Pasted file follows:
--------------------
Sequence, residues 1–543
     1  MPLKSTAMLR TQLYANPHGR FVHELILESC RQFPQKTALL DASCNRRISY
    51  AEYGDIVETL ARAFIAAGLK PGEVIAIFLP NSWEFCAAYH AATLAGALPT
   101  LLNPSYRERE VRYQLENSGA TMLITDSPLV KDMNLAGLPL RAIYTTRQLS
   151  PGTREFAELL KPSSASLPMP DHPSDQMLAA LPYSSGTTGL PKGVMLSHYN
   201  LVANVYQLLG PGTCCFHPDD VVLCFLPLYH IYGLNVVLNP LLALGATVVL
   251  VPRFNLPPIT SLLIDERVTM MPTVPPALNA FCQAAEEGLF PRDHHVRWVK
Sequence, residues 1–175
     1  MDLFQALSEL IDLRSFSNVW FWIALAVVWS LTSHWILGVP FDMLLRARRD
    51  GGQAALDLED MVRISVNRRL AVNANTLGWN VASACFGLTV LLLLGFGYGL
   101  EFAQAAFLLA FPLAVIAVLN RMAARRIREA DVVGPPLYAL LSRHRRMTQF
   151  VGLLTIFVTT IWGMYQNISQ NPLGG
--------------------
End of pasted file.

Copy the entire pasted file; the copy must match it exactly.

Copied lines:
Sequence, residues 1–543
     1  MPLKSTAMLR TQLYANPHGR FVHELILESC RQFPQKTALL DASCNRRISY
    51  AEYGDIVETL ARAFIAAGLK PGEVIAIFLP NSWEFCAAYH AATLAGALPT
   101  LLNPSYRERE VRYQLENSGA TMLITDSPLV KDMNLAGLPL RAIYTTRQLS
   151  PGTREFAELL KPSSASLPMP DHPSDQMLAA LPYSSGTTGL PKGVMLSHYN
   201  LVANVYQLLG PGTCCFHPDD VVLCFLPLYH IYGLNVVLNP LLALGATVVL
   251  VPRFNLPPIT SLLIDERVTM MPTVPPALNA FCQAAEEGLF PRDHHVRWVK
Sequence, residues 1–175
     1  MDLFQALSEL IDLRSFSNVW FWIALAVVWS LTSHWILGVP FDMLLRARRD
    51  GGQAALDLED MVRISVNRRL AVNANTLGWN VASACFGLTV LLLLGFGYGL
   101  EFAQAAFLLA FPLAVIAVLN RMAARRIREA DVVGPPLYAL LSRHRRMTQF
   151  VGLLTIFVTT IWGMYQNISQ NPLGG